|Publication number||US4897881 A|
|Application number||US 07/172,229|
|Publication date||Jan 30, 1990|
|Filing date||Mar 23, 1988|
|Priority date||Mar 23, 1988|
|Also published as||CA1301351C|
|Publication number||07172229, 172229, US 4897881 A, US 4897881A, US-A-4897881, US4897881 A, US4897881A|
|Inventors||Chon T. Ledinh, Vincent Lacasse, Paul Cohen|
|Original Assignee||Centre De Recherche Industrielle Du Quebec|
|Export Citation||BiBTeX, EndNote, RefMan|
|Patent Citations (3), Non-Patent Citations (4), Referenced by (15), Classifications (7), Legal Events (6)|
|External Links: USPTO, USPTO Assignment, Espacenet|
d3k =(D3k)1/3 /d2k
k=1, 2, 3, 4
d=[d11, d21, d31, d12, . . . , d34 ]T.
(A) Field of the Invention
The present invention relates to a digital circuit for textural feature extraction or texture classification.
(B) Description of Prior Art
In recent years many different techniques have been proposed for texture classification.
The classical Gray Tone Spatial Dependence Matrices GTSDM as disclosed in an article by R. M. Haralick, K. Shannugan, I. Dinstein, entitled "TEXTURAL FEATURES FOR IMAGE CLASSIFICATION", IEEE Trans. Syst., Man. Cybern, vol. SMC 8, pp. 10-621, November 1983, is perhaps one of the most popular algorithms for texture feature extraction. However, because of its voluminous data requirements, the method becomes economically unfeasible for high speed applications.
In an article entitled "Texture Energy Measures" by Kenneth I. Laws, in Proc. Image Understanding Workshop, pp. 47-51, November 1979, Laws teaches the use of some filters of dimension 3×3 or 5×5 for matching edges, spots, lines, ripple, etc. Although good results have been obtained, this approach is heuristic. The filter set is either uncomplete or not mutually orthogonal.
In a recent article by Michael Unser, entitled "Sum and Difference Histograms for texture classification", IEEE Trans. on Pattern Analysis and Machine Intelligence, vol. PAMI-8, no. 1, pp. 118-125, January 1986, Unser introduces the sum and the difference transformations for a pair of picture elements along a given direction. These transformations reduce the computational time and memory storage requirements compared to the Gray Tone Spatial Dependence Matrices (GTSDM). However, this method is conceptually equivalent to the GTSDM one by using a pair of picture elements.
It is a feature of the present invention to provide an optimal textural feature extractor by using a class of two dimensional four (4) picture elements.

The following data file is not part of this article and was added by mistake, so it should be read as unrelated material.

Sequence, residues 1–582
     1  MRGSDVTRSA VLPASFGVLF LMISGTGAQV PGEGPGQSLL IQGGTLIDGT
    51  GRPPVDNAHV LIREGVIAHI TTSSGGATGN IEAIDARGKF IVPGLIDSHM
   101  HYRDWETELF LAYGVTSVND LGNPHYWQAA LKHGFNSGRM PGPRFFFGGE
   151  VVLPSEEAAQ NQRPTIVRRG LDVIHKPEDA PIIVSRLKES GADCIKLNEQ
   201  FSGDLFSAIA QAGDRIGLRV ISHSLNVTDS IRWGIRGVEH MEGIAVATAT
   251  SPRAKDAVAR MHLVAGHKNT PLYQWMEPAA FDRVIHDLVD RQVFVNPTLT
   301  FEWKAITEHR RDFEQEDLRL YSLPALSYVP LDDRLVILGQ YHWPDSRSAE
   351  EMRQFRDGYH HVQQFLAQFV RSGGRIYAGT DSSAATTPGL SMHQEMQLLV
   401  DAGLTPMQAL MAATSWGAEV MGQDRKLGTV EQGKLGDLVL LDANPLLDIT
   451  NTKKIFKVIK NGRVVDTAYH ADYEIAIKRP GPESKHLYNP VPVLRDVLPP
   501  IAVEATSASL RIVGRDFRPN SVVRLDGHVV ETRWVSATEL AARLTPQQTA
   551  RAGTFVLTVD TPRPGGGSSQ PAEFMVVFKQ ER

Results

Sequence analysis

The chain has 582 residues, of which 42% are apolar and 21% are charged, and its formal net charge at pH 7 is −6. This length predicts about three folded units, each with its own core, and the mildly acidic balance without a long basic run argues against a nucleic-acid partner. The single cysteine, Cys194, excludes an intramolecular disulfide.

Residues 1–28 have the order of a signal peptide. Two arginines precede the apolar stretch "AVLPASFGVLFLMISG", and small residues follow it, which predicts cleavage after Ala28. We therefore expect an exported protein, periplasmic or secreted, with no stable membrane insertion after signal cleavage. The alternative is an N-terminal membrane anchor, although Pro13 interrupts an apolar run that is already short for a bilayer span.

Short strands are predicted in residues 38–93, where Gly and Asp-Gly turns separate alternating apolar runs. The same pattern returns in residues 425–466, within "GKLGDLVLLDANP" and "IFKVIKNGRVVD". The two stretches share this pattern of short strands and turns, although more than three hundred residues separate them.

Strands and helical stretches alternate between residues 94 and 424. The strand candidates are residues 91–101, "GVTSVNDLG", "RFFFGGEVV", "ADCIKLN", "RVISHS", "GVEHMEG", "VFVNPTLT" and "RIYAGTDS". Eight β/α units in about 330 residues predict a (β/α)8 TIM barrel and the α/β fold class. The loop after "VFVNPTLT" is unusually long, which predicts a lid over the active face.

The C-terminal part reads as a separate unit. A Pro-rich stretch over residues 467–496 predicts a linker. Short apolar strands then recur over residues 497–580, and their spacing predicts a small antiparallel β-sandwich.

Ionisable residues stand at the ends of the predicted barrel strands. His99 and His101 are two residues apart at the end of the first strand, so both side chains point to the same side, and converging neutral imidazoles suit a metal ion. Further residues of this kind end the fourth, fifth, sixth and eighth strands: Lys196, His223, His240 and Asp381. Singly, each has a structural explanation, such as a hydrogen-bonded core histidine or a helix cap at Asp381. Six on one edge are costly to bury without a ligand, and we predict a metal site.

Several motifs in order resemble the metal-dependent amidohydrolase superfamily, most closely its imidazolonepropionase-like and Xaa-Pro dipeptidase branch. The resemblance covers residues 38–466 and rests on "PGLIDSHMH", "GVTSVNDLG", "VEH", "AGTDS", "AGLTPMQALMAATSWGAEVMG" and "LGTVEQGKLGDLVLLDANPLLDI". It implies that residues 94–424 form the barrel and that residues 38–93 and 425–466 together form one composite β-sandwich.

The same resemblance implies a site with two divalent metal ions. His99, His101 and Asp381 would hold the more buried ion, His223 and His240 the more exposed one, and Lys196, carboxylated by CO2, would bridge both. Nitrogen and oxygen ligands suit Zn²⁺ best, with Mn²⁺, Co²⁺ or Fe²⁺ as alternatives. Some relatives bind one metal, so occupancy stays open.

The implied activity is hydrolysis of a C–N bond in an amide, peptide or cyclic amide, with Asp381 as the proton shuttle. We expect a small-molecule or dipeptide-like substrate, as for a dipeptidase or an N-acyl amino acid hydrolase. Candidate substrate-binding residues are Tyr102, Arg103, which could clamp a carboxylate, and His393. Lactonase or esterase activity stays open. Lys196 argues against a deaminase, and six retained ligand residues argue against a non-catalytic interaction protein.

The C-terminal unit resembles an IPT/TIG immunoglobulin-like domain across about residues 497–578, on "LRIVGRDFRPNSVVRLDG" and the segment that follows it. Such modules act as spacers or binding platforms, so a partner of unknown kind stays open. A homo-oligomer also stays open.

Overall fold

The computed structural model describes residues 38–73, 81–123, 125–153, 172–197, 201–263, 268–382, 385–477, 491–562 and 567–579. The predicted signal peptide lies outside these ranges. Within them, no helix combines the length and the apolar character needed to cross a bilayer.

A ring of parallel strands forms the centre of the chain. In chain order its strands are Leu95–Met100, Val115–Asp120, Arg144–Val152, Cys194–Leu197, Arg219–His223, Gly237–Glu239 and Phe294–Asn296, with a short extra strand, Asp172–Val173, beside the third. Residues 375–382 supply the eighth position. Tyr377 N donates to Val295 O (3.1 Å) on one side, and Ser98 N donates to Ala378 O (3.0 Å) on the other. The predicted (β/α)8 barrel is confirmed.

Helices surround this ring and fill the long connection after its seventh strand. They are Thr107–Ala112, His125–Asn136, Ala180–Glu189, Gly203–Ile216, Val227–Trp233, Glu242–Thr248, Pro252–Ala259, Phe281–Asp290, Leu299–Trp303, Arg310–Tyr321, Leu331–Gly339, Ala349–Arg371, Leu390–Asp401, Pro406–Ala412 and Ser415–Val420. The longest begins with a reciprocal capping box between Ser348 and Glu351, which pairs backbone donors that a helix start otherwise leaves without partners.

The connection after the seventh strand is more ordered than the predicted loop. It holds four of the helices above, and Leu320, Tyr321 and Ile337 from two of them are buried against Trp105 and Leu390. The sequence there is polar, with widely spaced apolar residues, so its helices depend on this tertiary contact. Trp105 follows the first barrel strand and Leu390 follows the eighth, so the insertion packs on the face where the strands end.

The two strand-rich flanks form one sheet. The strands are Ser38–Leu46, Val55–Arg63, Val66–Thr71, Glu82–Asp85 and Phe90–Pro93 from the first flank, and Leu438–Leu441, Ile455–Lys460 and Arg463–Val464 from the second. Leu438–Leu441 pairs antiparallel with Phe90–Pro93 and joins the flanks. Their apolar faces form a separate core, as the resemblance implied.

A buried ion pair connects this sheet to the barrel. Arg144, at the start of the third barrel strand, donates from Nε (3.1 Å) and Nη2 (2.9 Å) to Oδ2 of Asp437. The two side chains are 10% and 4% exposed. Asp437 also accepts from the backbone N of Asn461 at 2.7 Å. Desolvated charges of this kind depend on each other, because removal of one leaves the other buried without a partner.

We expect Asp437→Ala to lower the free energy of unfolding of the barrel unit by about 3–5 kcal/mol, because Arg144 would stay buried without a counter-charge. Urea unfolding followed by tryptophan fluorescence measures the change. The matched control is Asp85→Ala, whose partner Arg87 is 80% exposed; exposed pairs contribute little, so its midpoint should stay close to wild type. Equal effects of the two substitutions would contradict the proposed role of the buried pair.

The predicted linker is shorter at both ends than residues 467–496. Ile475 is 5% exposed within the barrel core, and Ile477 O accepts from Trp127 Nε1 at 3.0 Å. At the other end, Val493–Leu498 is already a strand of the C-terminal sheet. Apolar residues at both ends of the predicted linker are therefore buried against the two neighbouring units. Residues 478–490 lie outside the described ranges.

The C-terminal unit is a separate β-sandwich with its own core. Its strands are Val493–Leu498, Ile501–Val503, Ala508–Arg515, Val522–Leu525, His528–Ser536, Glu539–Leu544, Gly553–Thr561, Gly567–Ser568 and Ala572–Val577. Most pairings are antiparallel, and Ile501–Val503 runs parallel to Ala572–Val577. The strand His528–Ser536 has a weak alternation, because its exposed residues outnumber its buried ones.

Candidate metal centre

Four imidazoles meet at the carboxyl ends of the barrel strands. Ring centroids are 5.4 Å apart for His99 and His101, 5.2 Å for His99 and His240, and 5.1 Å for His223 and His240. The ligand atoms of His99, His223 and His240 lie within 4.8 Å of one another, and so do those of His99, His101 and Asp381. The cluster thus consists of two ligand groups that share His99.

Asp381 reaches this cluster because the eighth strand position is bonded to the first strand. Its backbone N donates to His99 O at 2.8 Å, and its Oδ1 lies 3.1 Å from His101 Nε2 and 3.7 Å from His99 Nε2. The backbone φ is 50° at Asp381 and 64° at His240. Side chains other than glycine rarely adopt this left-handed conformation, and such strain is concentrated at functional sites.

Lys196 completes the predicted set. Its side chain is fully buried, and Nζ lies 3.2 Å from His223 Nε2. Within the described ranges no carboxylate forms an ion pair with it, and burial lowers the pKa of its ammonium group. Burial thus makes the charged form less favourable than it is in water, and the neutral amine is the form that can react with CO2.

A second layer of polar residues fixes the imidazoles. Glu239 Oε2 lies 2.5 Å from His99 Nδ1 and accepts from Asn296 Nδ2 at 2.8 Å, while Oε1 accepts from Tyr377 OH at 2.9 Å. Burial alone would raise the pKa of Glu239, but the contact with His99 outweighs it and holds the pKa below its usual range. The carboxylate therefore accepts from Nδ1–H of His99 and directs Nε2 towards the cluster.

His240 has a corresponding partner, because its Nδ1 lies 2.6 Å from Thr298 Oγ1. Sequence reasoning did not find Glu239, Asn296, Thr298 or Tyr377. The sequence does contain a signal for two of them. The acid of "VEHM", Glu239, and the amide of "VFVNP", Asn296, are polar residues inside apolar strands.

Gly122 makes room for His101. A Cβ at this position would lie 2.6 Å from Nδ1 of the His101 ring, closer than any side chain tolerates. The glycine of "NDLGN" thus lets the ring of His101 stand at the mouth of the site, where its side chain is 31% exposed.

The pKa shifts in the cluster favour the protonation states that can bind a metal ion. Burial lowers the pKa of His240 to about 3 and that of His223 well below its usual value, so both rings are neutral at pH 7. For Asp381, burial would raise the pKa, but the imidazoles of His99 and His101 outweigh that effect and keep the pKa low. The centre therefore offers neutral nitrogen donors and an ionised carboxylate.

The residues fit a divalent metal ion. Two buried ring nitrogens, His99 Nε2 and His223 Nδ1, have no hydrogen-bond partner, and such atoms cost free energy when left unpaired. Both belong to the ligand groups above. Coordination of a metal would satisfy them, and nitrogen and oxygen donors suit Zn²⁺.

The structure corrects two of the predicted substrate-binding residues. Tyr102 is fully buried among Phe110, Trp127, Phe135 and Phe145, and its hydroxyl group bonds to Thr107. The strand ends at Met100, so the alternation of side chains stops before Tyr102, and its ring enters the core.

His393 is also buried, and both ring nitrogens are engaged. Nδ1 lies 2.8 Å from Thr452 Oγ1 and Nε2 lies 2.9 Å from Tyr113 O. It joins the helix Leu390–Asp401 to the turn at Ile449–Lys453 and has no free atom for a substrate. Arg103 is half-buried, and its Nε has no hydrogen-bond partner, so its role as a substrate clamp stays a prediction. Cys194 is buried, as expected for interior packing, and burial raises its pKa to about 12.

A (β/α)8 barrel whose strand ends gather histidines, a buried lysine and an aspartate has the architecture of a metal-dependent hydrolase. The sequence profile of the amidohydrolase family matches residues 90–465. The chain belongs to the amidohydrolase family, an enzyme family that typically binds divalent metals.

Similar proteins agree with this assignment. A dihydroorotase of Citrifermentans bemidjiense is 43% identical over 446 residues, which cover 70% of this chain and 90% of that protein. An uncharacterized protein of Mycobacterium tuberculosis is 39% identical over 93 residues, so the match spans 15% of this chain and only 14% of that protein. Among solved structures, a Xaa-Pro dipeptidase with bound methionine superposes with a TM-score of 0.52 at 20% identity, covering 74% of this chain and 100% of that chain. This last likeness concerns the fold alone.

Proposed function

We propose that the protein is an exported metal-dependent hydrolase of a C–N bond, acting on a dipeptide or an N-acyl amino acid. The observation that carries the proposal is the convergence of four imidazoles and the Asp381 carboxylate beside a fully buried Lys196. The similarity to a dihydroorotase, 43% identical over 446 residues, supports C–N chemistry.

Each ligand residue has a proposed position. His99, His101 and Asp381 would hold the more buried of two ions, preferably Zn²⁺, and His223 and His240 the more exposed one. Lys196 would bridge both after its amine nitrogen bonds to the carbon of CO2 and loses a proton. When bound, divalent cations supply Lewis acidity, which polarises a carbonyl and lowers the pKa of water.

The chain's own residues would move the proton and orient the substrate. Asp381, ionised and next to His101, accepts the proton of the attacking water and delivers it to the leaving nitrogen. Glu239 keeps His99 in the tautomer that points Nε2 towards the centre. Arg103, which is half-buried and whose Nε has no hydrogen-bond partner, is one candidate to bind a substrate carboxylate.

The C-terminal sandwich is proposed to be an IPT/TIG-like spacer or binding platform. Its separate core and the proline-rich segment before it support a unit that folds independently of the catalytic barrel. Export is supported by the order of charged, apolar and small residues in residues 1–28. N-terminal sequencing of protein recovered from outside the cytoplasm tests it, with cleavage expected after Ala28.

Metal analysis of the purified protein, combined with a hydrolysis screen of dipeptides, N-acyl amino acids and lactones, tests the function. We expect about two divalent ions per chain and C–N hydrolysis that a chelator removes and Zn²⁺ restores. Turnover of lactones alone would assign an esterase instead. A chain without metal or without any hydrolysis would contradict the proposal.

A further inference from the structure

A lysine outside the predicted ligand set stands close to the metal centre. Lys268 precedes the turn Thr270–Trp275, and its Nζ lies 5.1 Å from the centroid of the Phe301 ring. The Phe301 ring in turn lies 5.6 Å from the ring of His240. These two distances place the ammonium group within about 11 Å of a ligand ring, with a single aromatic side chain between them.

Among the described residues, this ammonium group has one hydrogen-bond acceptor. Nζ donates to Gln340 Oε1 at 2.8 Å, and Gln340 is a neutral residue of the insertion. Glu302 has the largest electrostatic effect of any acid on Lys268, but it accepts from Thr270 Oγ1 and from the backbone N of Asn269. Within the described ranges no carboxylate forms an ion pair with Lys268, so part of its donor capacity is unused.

Another feature of the invention is to provide a real time device for extraction and storage of texture parameters.
A still further feature of the invention is to provide a fast and effective device for texture classification.
According to the above features from a broad aspect, the present invention comprises a processing system and a method of analyzing textural features of a texture image, such as on the CRT of a computer terminal. The system comprises a calculator circuit for producing four picture transformed signals which are mutually uncorrelated. Deviation and moment calculators analyze each of the transformed signals by measuring the three central moments thereof and generating signal parameters representative of the texture image. A processing circuit is utilized in classification mode for calculating discriminent functions from the signal parameters assumed to be normally distributed.
A preferred embodiment of the present invention will now be described with reference to examples illustrated in the accompanying drawings in which;
FIGS. 1A and 1B illustrate the rectangle of four (4) picture elements for texture analysis;
FIG. 2 illustrates, in block form, a calculation of the optimum masks;
FIG. 3 is a block diagram of a pixel deviation calculator for each mask output;
FIG. 4 is a block diagram of a generator of the first three (3) central moments for classification;
FIG. 5 is a block diagram of the proposed real time parameter extractor for texture classification, and
FIG. 6 is a block diagram of another proposed texture parameter extractor using sequential calculation techniques.
Referring now to the drawings, FIGS. 1A and 1B describe the class of four (4) picture elements (pixels) used for texture analysis. In general, the chosen pixels form a rectangle as illustrated in FIG. 1B. A special but important case, described in FIG. 1A, is the square of four (4) adjacent pixels namely A, B, C, and D. For the sake of simplicity the following covariance matrix will be given only for the special case of adjacent pixels.
Let (X(i,j); i=1, . . . , I; j=1, . . . , J) be a two dimensional stationary and ergodic random field, in which the discrete variable X(i,j) represents intensity of pixel (i,j). The covariance matrix associated with the four (4) chosen pixels given by: ##EQU1## and a, b, c represent three normalized covariances appropriate to a pair of random variables X(i+p, j+q) and X(i,j).
The covariance matrix C in equation (1) can be diagonalized by the following matrix: ##EQU2##
In other words, the four new random variables Y1, Y2, Y3 and Y4 resulted from the Walsh Hadamard transform (4) of four chosen pixels, are uncorrelated. One has the following properties: ##EQU3##
Furthermore, it is well known that the Walsh Hadamard functions are orthonormal and complete.
The transformed random variable Y1, Y2, Y3 and Y4 can be obtained by the following equation: ##EQU4## where A, B, C, and D are the four chosen pixel intensities.
Referring now to the drawings, FIG. 2 illustrates a real time calculator for the optimum masks, i.e., equation (7). This calculator 200 consists of eight (8) combiners 201, 202, 203, 204, 205, 206, 207 and 208. The calculator parallel inputs are A, B, C, D. The outputs of the four combiners 201, 202, 203 and 204 are respectively: A+B, A-B, C+D, C-D which are in turn the inputs in an appropriate manner, of the combiners 205, 206, 207 and 208. The optional division by 2 at each output of the last four combiners can be accomplished by rounding off, i.e. forgetting the output least significant bit.
The Walsh Hadamard equation (7) yields four (4) pictures of transformed signals or coefficients Yk (i,j); k=1, . . . , 4; i=1, . . . , I; j=1, . . . , J.
In order to reduce this amount of information for storage and/or classification, the following measures shall be obtained for each random variable Yk : ##EQU5## where the mean Yk and M number of textural pixels to be considered are given respectively by: ##EQU6##